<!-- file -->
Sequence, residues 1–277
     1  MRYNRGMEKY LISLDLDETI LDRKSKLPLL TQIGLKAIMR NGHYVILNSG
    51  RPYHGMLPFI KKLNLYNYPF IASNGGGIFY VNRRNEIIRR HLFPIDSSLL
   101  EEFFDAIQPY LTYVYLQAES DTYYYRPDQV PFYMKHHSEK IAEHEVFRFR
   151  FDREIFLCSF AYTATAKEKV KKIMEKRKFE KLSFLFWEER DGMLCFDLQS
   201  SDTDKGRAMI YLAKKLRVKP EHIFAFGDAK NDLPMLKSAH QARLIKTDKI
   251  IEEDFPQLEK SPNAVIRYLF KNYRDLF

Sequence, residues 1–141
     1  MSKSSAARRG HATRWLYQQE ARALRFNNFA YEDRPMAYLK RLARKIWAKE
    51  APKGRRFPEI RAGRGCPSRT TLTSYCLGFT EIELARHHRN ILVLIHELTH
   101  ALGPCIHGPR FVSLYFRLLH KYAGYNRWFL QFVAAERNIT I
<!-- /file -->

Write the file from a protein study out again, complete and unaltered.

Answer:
Sequence, residues 1–277
     1  MRYNRGMEKY LISLDLDETI LDRKSKLPLL TQIGLKAIMR NGHYVILNSG
    51  RPYHGMLPFI KKLNLYNYPF IASNGGGIFY VNRRNEIIRR HLFPIDSSLL
   101  EEFFDAIQPY LTYVYLQAES DTYYYRPDQV PFYMKHHSEK IAEHEVFRFR
   151  FDREIFLCSF AYTATAKEKV KKIMEKRKFE KLSFLFWEER DGMLCFDLQS
   201  SDTDKGRAMI YLAKKLRVKP EHIFAFGDAK NDLPMLKSAH QARLIKTDKI
   251  IEEDFPQLEK SPNAVIRYLF KNYRDLF

Sequence, residues 1–141
     1  MSKSSAARRG HATRWLYQQE ARALRFNNFA YEDRPMAYLK RLARKIWAKE
    51  APKGRRFPEI RAGRGCPSRT TLTSYCLGFT EIELARHHRN ILVLIHELTH
   101  ALGPCIHGPR FVSLYFRLLH KYAGYNRWFL QFVAAERNIT I